I return to the tourist office on the Parque Caldas, where the lone police officer tells me that the last program with the schedule for the Semana Santa has been given away. But at 8 am tomorrow there will be a new supply available. Fair enough … but then the information is also available online, isn’t it? From the pamphlets laid out on the small table behind him, I can see that the office also provide information for the departamento. I have my hesitations regarding traveling to the outback of Cauca, as it is apparently one of the most troubled areas of Colombia, but the police officer assures me that other than a few specific pockets of the administrative area, it has settled down considerably, good news for locals more than anything.
It turns out that many of the sites can be taken in on a day trip from Popayán, including even the Parque Nacional Natural Puracé, for which there is a 3 1/2 hour hike which illustrates some of the parks best attractions, including sightings of the Andean condor. A hike to the top of the Puracé volcano can be added onto the hike, but it would mean leaving very early in the morning, as the climb to the top requires an additional five hours. Another option even closer to town is to the Coconuco hot springs. All of these possibilities seem very attractive ways of filling the days in the next week, particularly on days the Easter celebrations take place in the evening.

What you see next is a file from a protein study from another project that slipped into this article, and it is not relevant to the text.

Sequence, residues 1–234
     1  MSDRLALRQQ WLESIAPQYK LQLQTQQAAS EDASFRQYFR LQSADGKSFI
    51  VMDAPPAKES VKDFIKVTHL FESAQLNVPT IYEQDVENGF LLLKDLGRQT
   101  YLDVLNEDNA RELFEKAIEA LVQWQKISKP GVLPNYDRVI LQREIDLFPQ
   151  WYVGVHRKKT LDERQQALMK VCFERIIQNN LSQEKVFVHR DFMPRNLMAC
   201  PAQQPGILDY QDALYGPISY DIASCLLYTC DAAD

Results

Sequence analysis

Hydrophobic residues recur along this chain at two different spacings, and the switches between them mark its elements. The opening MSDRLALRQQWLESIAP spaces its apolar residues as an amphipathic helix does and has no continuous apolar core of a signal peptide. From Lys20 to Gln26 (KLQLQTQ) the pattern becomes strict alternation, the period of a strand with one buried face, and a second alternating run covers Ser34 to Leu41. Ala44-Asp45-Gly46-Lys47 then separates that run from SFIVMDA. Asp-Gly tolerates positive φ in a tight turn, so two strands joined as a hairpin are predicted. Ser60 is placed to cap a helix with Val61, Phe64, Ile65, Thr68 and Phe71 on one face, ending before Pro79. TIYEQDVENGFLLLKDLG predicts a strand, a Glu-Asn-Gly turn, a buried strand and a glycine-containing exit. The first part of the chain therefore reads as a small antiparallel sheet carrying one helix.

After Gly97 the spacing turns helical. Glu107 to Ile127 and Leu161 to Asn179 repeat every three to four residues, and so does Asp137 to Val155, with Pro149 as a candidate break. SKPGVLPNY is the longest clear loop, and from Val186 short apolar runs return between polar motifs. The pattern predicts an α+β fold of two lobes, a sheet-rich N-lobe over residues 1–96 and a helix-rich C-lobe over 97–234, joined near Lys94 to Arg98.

There is a heavy police presence here, towards the centre the streets literally lined with police. On the Parque Caldas, there are even military police with machine guns. I imagine the amount of policing isn’t happening because they have nothing else to do, the message being that under no circumstances will the kind of behavior be tolerated that the area is known for. And yet I see virtually no foreigners on the street, only locals. Are they shacked up in their hotels, ready to emerge at precisely the right time? The hotels here are certainly very high caliber, at least from what I can from the street.